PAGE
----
The image forming apparatus includes a conveyance belt 17 in a lower section of the image forming apparatus, which conveys a printing sheet (not shown) fed by a paper tray 13 disposed in the horizontal direction. Above the conveyance belt 17, a photoconductor 7Y that holds a latent image in yellow, a photoconductor 7M in magenta, a photoconductor 7C in cyan, and a photoconductor 7K in black are arranged at an equal interval in the order from the upstream of the printing sheet conveyance. Each numeral reference has a letter Y, M, C, or K at the end for color distinction, as needed.

The photoconductors 7Y, 7M, 7C, and 7K are formed with the same diameter, with processing members that perform a corresponding process according to an electrophotographic process provided around them. For example, provided around the photoconductor 7Y are a charger 8Y, an optical scanning apparatus 30Y, a developing unit 10Y, a transfer charger 11Y, and a cleaning unit 12Y, in the order. The other photoconductors 7M, 7C, and 7K are provided with the same members.

In the image forming apparatus according to the second embodiment, the surfaces of the photoconductors 7Y, 7M, 7C, and 7K are used as the scan target surfaces in the corresponding color, and the photoconductors 7Y, 7M, 7C, and 7K are respectively provided with the optical scanning apparatuses 30Y, 30M, 30C, and 30K. However, the scanning lens is shared by four colors.

Around the conveyance belt 17, a paper stop roller 16 and a belt charger 20 are disposed on the upstream side of the photoconductor 7Y, and a belt separation charger 21, a discharger 22, and a cleaning unit 23 are disposed on the downstream side of the photoconductor 7K. A fixing unit 24 is provided on the upstream side of the belt separation charger 21, which leads to a copy receiving tray 26 via a delivery roller 25.

With such a configuration as described above, for example, in a full color mode, the optical scanning apparatus 30 scans each one of the photoconductors 7Y, 7M, 7C, and 7K with the light beam based on an image signal for the corresponding color, thereby forming a static latent image on the photoconductors 7Y, 7M, 7C, and 7K in the respective colors. Each of the static latent images is developed into a toner image by the corresponding developing unit with color toner. The toner images are superposed by being sequentially transferred onto the printing sheet electrostatically adsorbed by the conveyance belt 17, thereby forming a full color image on the printing sheet. The full color image is fixed by the fixing unit 24, and output to the copy receiving tray 26 by the delivery roller 25.

By using the optical scanning apparatus 30, the image forming apparatus effectively corrects the shift of the scanning line and the degradation of the wavefront aberration, thereby reproducing a high-quality image without the color shift.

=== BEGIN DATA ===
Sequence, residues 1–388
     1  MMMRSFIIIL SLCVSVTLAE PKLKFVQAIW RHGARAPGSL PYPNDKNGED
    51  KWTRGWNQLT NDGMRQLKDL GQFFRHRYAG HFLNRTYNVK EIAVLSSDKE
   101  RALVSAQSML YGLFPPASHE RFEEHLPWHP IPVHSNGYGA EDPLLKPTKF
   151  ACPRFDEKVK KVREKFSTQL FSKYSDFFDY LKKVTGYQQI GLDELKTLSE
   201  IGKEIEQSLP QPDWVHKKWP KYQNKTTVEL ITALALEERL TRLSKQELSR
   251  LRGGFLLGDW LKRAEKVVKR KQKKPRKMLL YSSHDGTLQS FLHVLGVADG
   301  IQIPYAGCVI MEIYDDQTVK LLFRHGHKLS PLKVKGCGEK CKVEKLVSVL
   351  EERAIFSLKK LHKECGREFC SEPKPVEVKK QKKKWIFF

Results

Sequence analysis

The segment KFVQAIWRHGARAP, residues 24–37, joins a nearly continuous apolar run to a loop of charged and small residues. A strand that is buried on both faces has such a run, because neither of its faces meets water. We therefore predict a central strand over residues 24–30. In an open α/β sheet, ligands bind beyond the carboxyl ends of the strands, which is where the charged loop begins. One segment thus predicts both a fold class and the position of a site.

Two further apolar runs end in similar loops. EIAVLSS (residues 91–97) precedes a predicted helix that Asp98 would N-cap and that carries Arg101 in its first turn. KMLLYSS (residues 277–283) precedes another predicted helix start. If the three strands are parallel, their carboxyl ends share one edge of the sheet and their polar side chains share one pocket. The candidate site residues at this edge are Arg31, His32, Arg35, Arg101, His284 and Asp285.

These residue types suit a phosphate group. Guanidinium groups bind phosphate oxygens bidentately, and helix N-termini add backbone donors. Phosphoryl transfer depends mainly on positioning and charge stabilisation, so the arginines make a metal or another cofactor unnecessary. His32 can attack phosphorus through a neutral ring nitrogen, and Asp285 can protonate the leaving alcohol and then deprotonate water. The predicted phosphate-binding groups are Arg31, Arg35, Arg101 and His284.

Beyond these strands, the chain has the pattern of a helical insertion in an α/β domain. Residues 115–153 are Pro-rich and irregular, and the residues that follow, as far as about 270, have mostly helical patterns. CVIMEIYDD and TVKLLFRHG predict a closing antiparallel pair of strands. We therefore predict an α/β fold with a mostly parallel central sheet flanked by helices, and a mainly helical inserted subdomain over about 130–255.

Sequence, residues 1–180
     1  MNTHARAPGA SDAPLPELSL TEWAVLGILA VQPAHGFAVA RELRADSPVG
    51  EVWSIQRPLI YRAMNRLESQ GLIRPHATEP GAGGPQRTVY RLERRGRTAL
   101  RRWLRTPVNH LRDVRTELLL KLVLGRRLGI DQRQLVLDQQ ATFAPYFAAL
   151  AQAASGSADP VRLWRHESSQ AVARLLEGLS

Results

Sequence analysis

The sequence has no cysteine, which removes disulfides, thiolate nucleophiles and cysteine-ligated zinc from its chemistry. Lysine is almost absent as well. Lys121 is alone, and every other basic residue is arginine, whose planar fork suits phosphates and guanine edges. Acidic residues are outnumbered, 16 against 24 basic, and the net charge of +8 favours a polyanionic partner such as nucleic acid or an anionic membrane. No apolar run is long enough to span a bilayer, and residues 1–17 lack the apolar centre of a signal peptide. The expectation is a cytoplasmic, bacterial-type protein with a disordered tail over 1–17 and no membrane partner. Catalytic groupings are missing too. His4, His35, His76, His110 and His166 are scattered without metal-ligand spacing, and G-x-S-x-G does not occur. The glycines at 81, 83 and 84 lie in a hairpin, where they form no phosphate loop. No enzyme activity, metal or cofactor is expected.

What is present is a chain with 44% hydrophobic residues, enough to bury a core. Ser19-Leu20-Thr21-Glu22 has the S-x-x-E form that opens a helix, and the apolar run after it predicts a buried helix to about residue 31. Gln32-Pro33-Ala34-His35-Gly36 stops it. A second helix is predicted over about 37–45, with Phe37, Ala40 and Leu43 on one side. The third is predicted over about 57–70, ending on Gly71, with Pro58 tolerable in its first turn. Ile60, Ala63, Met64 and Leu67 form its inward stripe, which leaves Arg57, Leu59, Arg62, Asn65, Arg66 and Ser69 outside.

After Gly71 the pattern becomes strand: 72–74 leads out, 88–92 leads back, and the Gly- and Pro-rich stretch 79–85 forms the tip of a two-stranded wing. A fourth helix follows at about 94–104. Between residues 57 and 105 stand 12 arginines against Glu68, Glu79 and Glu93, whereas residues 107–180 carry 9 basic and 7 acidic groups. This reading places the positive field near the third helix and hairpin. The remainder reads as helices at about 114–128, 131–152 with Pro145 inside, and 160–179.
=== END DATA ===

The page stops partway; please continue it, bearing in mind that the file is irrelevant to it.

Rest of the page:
According to an aspect of the present invention, it is possible to provide an optical scanning apparatus and an image forming apparatus including the optical scanning apparatus that can reduce the size and the production cost, and that can provide high optical performance.

Furthermore, it is possible to provide an optical scanning apparatus and an image forming apparatus including the optical scanning apparatus that allow little shift of the scanning point in the main scanning direction due to the temperature change and little shift among the colors, and that can provide high optical performance.

Moreover, the optical box can contain the synchronization detecting unit and the photodetector accurately.

Furthermore, it is possible to reduce the color shift and suppress the degradation of the resolution, thereby realizing a high-quality color image.

Although the invention has been described with respect to specific embodiments for a complete and clear disclosure, the appended claims are not to be thus limited but are to be construed as embodying all modifications and alternative constructions that may occur to one skilled in the art that fairly fall within the basic teaching herein set forth.

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Referenced by
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US8743444Mar 16, 2012Jun 3, 2014Ricoh Company, LimitedOptical scanning device, image forming apparatus, scanning lens, and molding method of the scanning lens
Classifications
U.S. Classification359/204.1, 359/205.1, 359/216.1, 359/204.2
International ClassificationG02B26/08
Cooperative ClassificationH04N1/1135, H04N2201/04732, H04N2201/04713, H04N1/053, B41J2/473, H04N2201/04744, H04N2201/04729, G02B26/123
European ClassificationH04N1/113B, B41J2/47B1, H04N1/053, G02B26/12D
Legal Events
DateCodeEventDescription
Dec 4, 2008ASAssignment
Owner name: RICOH COMPANY, LIMITED, JAPAN
Free format text: ASSIGNMENT OF ASSIGNORS INTEREST;ASSIGNOR:MIYATAKE, NAOKI;REEL/FRAME:021926/0554
Effective date: 20081117